Begging is a very common behavioral problem faced by many dog owners. Often it becomes a sneaky challenge to eat a snack or a meal with their dog following their every move. Many dogs will additionally start whining, pawing and drooling, while others may even go as far as to try and jump up and help themselves to your meal. While it might be funny at first, it can get quite annoying to look at this every time you eat, especially when you have guests:
As we love our dogs so much, their puppy eyes can easily melt our heart and we might be tempted to share just a little bite with them, just once.
Giving in to your dog’s pleading will only make things worse: Not only does it worsen the behavior problem but it can also lead to health problems. Not everything we eat is good for our dogs as it often contains too much salt or harmful ingredients. Also feeding dogs table scraps is a common cause for obesity.
When are beggars, choosers?
If you feed your dog regularly then why should they be hungry for your food? Sometimes the begging might show a more serious underlining problem: Your dog might be not getting the right amount of nutrition in their regular food or they are starved of attention and see begging as a good way to get it.
How do you find out what’s the problem?
A great way to start is by looking at the food your dog eats. Is your dog’s food filled with quality ingredients or mostly byproducts? Inform yourself, what foods are the best for your dog, and make sure your dog is getting the right nutrients he/she needs everyday. If you are already feeding high quality food, you might try to add some sardines, tuna (in water!) or an egg once in a while to your dogs food to “upgrade” his diet. If a poor diet is the cause, this change can stop begging almost instantly.
If your dog’s nutritional needs are met and the begging problem continues, you may have to re-evaluate the amount of attention and interaction you are giving your dog. Have you been working long hours recently? Does your dog get enough play-time and walks? Setting aside a play or walk time for your dog before meals may help in the process of correcting begging behavior.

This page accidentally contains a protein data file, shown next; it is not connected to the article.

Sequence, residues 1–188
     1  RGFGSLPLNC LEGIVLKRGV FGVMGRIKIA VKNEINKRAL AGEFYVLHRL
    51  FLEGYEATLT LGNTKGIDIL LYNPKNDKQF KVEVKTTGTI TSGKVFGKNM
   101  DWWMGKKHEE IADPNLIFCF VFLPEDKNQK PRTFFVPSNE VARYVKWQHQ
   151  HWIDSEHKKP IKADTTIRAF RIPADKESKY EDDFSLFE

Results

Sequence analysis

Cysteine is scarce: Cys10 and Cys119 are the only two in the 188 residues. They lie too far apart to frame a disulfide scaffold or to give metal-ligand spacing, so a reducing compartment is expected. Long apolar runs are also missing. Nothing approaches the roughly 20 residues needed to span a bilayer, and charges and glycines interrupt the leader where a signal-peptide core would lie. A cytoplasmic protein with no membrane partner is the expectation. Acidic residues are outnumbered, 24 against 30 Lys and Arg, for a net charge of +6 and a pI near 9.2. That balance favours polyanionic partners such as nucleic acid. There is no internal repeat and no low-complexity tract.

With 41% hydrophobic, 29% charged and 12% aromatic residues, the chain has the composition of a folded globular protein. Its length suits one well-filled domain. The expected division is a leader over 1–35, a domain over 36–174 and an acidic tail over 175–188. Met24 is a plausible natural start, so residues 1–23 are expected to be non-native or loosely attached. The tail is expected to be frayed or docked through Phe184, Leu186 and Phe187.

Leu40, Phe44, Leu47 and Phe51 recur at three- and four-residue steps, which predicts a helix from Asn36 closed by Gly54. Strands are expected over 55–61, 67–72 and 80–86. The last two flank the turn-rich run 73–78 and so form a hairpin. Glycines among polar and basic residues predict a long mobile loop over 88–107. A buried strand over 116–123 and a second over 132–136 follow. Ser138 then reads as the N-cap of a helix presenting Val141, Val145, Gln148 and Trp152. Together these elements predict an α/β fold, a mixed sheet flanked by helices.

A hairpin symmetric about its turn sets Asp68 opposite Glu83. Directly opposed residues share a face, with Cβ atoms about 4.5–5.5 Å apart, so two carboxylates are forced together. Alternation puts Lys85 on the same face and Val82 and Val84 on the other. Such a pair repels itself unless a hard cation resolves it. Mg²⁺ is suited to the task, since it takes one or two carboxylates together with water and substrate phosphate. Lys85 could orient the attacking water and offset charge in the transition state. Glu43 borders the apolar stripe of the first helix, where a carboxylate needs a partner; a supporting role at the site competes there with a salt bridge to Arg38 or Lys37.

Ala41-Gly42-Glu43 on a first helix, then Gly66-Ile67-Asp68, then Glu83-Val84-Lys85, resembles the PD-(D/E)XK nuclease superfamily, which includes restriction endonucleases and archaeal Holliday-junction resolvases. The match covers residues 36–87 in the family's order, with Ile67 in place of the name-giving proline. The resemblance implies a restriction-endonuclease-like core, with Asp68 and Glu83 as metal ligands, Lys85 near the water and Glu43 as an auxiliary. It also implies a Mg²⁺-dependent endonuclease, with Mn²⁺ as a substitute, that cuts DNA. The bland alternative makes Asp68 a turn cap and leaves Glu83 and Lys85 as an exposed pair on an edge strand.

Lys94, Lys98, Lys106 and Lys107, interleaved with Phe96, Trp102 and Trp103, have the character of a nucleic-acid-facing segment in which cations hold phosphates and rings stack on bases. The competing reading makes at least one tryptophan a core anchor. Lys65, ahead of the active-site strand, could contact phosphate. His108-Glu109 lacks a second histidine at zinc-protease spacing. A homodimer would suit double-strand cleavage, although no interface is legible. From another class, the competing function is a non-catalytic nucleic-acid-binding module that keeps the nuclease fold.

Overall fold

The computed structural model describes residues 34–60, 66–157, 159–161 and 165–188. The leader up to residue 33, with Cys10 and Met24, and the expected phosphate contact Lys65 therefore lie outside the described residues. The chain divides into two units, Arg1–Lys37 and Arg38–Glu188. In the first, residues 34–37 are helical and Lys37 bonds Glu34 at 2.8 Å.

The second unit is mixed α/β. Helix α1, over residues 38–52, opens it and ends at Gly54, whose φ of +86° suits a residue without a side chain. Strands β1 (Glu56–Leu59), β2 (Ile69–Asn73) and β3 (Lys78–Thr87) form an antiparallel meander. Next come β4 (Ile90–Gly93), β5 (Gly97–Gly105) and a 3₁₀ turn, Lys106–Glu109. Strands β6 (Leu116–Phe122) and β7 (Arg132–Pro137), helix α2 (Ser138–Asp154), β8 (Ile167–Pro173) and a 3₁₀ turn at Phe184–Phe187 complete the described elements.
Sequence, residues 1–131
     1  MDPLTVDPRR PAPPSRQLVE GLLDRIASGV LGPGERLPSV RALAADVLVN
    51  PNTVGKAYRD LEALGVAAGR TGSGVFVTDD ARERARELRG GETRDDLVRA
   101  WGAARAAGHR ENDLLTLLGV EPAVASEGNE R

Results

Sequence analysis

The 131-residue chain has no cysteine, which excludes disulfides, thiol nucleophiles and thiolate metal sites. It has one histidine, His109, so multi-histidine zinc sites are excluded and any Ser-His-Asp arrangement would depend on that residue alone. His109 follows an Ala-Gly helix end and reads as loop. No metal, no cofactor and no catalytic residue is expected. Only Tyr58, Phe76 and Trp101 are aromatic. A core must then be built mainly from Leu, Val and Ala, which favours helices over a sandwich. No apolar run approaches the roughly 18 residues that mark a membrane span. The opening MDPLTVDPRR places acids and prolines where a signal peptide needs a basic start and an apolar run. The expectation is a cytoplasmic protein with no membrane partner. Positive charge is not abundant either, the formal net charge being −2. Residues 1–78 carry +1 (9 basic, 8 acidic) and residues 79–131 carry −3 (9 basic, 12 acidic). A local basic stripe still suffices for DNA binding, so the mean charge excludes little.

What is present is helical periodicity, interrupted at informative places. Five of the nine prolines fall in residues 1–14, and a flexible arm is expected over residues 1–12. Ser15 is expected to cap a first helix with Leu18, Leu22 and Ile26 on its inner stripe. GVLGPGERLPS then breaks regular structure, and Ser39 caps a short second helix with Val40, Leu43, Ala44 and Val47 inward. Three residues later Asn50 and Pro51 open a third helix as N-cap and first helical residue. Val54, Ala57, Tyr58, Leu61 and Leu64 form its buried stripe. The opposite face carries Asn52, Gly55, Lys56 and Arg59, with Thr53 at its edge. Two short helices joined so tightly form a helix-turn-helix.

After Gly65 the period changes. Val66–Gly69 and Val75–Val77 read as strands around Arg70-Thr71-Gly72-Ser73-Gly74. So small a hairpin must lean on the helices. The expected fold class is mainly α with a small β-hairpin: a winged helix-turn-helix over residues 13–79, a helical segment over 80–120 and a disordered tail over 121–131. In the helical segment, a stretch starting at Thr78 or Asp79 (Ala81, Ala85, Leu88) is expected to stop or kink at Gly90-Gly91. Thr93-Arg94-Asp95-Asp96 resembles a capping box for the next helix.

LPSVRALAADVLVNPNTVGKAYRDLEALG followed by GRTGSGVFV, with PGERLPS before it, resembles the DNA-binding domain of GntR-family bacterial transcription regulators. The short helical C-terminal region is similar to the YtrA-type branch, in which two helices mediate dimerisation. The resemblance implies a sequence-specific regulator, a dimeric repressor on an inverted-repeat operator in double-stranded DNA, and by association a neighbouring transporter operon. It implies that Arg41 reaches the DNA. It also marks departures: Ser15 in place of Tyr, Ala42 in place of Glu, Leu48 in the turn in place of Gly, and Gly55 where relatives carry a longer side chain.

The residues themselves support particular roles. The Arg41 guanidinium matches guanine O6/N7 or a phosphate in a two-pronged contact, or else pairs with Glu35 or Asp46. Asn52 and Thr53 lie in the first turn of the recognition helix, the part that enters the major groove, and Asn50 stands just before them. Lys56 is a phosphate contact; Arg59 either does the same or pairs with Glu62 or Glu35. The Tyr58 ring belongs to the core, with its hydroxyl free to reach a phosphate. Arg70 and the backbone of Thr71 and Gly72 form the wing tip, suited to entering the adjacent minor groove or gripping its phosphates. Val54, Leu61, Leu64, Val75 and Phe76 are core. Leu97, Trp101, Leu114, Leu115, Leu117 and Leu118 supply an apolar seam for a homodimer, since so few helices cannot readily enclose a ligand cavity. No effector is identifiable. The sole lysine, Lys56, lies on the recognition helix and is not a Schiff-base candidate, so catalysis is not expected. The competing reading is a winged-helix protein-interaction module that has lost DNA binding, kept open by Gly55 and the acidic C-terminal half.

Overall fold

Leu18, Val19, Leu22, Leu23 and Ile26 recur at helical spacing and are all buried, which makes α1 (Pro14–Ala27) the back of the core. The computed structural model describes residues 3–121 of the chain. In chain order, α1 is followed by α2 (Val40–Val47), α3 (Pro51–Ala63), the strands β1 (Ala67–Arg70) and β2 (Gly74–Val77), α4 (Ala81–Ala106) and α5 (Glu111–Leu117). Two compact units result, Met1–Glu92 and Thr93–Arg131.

If none of these are the problem and your dog still begs, good news: you just have a bad habit to deal with. If this is the case, some training is required. The most important thing you have to remember: Consistency is always key. It’s simple, if your dog continues to get food from the table, your dog will continue to beg for more.
Do not feel sorry for your dog If your dog is being well fed. Your dog is not in danger of starving if you do not give them that scrap off the table.
Tips to get rid of the behavior
As we just mentioned, the begging should never be reinforced. Make an effort with other members of your family and friends by kindly reminding them to ignore the table-side beggars during meal times.
If your dog is trained, make him lie down in a distance or in his dog bed during mealtime. By getting your dog to leave the area it helps remove the food as a distraction. Try giving your dog something else to do. Before you sit down to eat, give your dog a chew or a stuffed/ treat dispensing toy. Keeping them busy while you eat will help them associate your meal time play time. It may keep them busy—and distract them from begging.You can also start feeding your dog the same time as your family eats. Feed your dog in a separate room, give them their meal as you enjoy yours. This could help distract your dog and allow you to spend time with your family wile eating.
Resist their puppy eyes and be consistent
Be patient as few dogs change overnight, but consistency is the key to success. Make sure your dog learns, that his begging is ineffective 100% of the time.
Don’t punish the begging behavior by yelling or hitting your dog. Not only is it ineffective but it can also damage the relationship with your dog. Go with the smart approach of ignoring or redirecting the inappropriate behavior. Good luck!